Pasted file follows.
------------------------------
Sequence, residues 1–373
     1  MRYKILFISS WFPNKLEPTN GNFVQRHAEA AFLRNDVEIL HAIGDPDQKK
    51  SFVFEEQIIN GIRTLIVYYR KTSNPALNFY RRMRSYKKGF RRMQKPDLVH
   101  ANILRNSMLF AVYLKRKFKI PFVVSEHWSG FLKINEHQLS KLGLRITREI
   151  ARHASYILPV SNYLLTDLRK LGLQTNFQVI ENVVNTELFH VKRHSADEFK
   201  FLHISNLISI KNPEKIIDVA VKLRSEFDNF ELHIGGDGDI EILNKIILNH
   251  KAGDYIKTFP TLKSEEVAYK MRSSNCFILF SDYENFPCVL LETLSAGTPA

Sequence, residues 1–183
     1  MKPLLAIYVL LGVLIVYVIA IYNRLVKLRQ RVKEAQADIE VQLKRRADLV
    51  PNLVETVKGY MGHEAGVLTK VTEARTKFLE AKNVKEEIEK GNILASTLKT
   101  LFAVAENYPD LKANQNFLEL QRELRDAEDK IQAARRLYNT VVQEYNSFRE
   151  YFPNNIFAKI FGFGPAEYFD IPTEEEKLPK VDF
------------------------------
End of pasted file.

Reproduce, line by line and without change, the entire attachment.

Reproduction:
Sequence, residues 1–373
     1  MRYKILFISS WFPNKLEPTN GNFVQRHAEA AFLRNDVEIL HAIGDPDQKK
    51  SFVFEEQIIN GIRTLIVYYR KTSNPALNFY RRMRSYKKGF RRMQKPDLVH
   101  ANILRNSMLF AVYLKRKFKI PFVVSEHWSG FLKINEHQLS KLGLRITREI
   151  ARHASYILPV SNYLLTDLRK LGLQTNFQVI ENVVNTELFH VKRHSADEFK
   201  FLHISNLISI KNPEKIIDVA VKLRSEFDNF ELHIGGDGDI EILNKIILNH
   251  KAGDYIKTFP TLKSEEVAYK MRSSNCFILF SDYENFPCVL LETLSAGTPA

Sequence, residues 1–183
     1  MKPLLAIYVL LGVLIVYVIA IYNRLVKLRQ RVKEAQADIE VQLKRRADLV
    51  PNLVETVKGY MGHEAGVLTK VTEARTKFLE AKNVKEEIEK GNILASTLKT
   101  LFAVAENYPD LKANQNFLEL QRELRDAEDK IQAARRLYNT VVQEYNSFRE
   151  YFPNNIFAKI FGFGPAEYFD IPTEEEKLPK VDF